On Saturday, the spokesperson for the International Organization for Migration (IOM), Safa Msehli, expressed concerns over the disappearance of thousands of Europe-bound migrants who were intercepted and returned to Libya this year.
In a statement, the IOM spokesperson said that the Libyan coast guard intercepted more than 24,000 Europe-bound migrants in the Mediterranean so far this year, including over 800 this week alone.
“However, only 6,000 have been accounted for in official detention centres in the North African country”, she said. “The fate and whereabouts of thousands of other migrants remain unknown,” she added.
“We fear that many are ending up in the hands of criminal groups and traffickers, while others are being extorted for release,” Msehli noted.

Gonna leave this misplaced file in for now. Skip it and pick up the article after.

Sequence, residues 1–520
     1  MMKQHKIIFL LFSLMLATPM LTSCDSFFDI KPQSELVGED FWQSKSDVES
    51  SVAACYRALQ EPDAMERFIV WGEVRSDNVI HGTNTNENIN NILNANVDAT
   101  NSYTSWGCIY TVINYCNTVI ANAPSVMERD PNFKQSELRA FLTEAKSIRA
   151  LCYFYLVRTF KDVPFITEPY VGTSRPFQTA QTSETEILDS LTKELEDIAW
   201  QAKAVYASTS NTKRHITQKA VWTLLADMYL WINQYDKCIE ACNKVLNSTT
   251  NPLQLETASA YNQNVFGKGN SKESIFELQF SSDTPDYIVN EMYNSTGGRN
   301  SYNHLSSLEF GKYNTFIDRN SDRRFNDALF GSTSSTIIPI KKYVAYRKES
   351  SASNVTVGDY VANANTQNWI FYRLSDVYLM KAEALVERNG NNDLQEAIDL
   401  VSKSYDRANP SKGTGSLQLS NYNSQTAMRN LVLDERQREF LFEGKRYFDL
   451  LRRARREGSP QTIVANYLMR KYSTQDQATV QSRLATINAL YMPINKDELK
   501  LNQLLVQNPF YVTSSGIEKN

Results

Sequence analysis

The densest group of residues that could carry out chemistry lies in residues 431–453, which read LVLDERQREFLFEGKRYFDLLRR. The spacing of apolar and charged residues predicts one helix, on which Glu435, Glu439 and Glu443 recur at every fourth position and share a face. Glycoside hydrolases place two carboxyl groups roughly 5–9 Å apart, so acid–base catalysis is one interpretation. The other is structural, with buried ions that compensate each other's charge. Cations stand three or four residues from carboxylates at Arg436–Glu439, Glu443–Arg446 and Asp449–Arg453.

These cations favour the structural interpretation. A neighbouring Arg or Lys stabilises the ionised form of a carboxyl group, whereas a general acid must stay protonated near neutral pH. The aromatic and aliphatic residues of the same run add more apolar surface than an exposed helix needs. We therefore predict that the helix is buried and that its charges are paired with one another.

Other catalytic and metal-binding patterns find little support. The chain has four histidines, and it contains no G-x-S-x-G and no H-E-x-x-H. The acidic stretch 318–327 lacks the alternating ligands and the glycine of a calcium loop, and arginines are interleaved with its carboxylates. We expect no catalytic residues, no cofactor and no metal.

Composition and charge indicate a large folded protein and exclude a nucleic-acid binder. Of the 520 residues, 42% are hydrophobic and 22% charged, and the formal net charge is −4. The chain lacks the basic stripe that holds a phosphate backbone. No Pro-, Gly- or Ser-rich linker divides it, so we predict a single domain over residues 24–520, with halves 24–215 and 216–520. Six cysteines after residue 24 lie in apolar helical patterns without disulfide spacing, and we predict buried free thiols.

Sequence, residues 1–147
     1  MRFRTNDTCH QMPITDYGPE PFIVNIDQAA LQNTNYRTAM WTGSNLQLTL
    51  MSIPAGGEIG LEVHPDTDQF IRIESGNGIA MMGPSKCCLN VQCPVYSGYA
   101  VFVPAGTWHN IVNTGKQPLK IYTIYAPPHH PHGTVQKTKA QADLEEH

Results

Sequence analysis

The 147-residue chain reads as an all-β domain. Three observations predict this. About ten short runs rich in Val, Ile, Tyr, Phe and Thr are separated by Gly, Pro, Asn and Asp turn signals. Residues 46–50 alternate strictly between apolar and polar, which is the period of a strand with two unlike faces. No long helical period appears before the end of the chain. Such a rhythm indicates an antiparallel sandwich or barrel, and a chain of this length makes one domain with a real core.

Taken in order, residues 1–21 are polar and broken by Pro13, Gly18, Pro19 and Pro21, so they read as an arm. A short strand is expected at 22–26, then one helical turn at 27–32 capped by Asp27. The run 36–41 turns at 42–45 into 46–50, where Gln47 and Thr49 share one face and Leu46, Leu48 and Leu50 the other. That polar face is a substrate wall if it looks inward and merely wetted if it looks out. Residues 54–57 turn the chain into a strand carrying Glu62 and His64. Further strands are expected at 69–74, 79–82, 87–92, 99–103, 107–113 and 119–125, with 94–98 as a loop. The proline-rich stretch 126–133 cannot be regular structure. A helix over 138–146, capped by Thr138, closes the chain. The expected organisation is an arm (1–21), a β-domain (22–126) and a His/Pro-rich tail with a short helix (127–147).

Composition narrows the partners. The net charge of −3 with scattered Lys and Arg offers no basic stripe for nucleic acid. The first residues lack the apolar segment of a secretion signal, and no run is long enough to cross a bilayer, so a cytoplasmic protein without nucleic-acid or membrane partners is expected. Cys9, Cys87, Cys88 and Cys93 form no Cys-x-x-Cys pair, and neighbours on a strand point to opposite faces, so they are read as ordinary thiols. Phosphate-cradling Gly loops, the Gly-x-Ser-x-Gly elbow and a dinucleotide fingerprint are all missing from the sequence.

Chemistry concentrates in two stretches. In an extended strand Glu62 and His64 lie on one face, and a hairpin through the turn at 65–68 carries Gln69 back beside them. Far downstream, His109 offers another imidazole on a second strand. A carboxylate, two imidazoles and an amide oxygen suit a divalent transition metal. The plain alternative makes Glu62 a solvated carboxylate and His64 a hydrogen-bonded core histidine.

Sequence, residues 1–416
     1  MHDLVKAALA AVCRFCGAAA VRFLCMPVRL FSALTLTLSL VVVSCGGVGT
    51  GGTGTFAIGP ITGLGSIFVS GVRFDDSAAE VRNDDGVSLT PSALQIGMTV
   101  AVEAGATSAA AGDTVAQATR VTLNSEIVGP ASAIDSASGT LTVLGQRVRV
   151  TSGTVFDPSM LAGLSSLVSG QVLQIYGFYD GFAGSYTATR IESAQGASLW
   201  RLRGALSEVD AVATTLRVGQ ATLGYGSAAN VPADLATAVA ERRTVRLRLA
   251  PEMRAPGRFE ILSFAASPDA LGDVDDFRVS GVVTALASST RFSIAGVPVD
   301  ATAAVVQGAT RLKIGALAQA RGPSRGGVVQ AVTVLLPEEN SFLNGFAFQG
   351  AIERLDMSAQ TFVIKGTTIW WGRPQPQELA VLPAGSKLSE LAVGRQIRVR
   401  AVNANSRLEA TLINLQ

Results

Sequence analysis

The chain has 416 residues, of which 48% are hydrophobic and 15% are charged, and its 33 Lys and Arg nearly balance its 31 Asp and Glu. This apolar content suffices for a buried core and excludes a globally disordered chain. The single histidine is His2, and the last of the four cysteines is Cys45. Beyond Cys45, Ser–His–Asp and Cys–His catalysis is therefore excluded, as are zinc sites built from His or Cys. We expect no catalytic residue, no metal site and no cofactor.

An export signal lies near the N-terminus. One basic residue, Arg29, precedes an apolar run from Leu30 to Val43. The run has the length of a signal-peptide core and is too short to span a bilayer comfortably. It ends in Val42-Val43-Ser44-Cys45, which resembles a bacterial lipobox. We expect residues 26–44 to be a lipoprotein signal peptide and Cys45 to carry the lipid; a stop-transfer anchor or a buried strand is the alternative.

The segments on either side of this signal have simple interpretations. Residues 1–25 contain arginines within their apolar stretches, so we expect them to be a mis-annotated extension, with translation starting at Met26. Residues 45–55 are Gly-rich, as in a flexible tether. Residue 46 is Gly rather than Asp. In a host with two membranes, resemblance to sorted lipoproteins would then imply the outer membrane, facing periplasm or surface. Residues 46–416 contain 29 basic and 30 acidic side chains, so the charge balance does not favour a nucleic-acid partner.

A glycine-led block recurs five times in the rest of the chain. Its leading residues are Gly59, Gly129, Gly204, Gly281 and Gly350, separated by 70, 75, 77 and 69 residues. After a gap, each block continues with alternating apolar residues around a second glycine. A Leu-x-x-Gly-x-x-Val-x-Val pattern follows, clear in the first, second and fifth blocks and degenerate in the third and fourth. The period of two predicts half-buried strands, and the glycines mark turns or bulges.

Libya has been suffering from insecurity and chaos since the fall of late leader Moammar Gaddafi in 2011, making the North African nation a preferred point of departure for thousands of migrants wanting to cross the Mediterranean towards European shores.
Rescued migrants end up inside overcrowded reception centres across Libya, despite repeated international calls to close those centers.
Those returned to shore have been taken to government-run detention centres, where they are often abused and extorted for ransom under the very nose of United Nations (UN) officials.
Libya’s government receives millions of dollars in European aid money paid to slow the tide of migrants crossing the Mediterranean, according to the Associated Press (AP).
Guards have been accused of sexually assaulting female migrants in at least one government-run detention centre. Many migrants also simply disappear from the detention centers, sold to traffickers or to other centres, the AP reported in 2019.
More than 1,100 migrants were reported dead or presumed dead in numerous boat mishaps and shipwrecks off Libya so far this year, compared to at least 978 reported dead or presumed dead during all of last year, according to IOM.